While it’s easy to become dependent on opiates, it’s much harder to break that addiction. In fact, when you stop taking opioids once and for all, it’s known as detox. While detox is a step in the right direction, it will lead to a withdrawal. During this time users will experience some severe physiological distress and physical discomfort. Take a closer look at the opioid withdrawal timeline, as well as what to expect once it is complete.
Committing to Addiction Recovery
Opioid withdrawal doesn’t start until the client has decided that it’s time to begin recovery. However, this first step is often the hardest. Once a person decides to stop depending on opioid drugs, the withdrawal can begin.
Imagine the clock for the opioid withdrawal timeline starts with the last use of the drug. From that point on, withdrawal can begin. Moreover, most clients will not notice the effects of withdrawal for several hours. That moment in time, however, is marked as the very beginning of the detox process, or hour zero.
Initial Withdrawal Symptoms Begin
There are two major types of opioid drugs that users may consume. For example, the first group is short-acting opioids. These are designed to begin working right away, but they don’t last as long in the system. Long-acting opioids, however, take longer to work, but can metabolize for 24 hours or more.
When the first withdrawal symptoms begin will depend on the kind of opioids being consumed. Those who use heroin, for example, might begin experiencing withdrawal symptoms after just six hours. Those with a long-acting painkiller addiction might not notice withdrawal symptoms for 12 or even 24 hours.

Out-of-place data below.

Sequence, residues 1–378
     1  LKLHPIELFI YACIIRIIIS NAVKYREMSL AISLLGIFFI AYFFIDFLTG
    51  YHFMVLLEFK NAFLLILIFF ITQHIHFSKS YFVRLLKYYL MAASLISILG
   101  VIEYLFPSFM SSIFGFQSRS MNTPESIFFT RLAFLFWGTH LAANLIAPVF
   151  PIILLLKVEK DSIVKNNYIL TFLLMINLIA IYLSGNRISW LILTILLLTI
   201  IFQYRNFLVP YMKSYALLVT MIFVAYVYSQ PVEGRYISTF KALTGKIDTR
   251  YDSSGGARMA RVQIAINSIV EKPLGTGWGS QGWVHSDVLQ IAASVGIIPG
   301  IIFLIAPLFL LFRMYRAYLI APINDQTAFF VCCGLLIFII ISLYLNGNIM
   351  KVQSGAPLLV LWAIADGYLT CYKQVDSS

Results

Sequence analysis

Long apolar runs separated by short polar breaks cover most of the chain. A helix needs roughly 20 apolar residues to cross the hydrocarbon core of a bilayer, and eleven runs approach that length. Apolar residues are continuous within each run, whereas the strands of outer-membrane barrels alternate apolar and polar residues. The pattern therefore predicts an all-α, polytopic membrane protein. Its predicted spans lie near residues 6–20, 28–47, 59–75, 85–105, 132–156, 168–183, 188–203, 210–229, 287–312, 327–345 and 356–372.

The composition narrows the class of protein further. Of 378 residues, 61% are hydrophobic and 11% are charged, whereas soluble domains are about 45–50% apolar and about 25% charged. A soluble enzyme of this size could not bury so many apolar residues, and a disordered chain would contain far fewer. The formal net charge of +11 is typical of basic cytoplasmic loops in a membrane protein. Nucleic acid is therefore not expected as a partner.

Peak of Opioid Withdrawal Symptoms
Roughly three days into withdrawal, or 72 hours, clients can expect to hit the peak of withdrawal symptoms. In fact, this is the most challenging part of a opiate detox.
Some of the more common withdrawal symptoms at this point include nausea, chills, diarrhea, strong cravings and dehydration. In rare cases, more severe withdrawal symptoms are also possible. That’s why it’s key for all clients to be in a medical environment during detox.
Tapering of Withdrawal Symptoms
After the peak of withdrawal passes, symptoms will begin to taper off. This is a brief process, and most clients are complete detox just a week after they begin.
The Final Steps of the Opioid Withdrawal Timeline
A medically supervised detox is just the beginning of addiction treatment. Furthermore, clients also need to commit to rehab treatment. At Crest View Recovery Center, clients can expect quality, comprehensive care that addresses the underlying issues and factors leading to opioid addiction. To achieve sobriety, therapy methods can include:
- Pain management therapy
- Group therapy program
- Cognitive behavioral therapy program
- Dialectical behavioral therapy program
- Holistic approaches to addiction recovery
Understanding the timeline for opioid withdrawal can help you better understand the entire recovery process. At Crest View Recovery Center in Asheville, North Carolina, overcoming addiction includes rehab treatment. Call 866.327.2505 to overcome addiction and take back control of your life.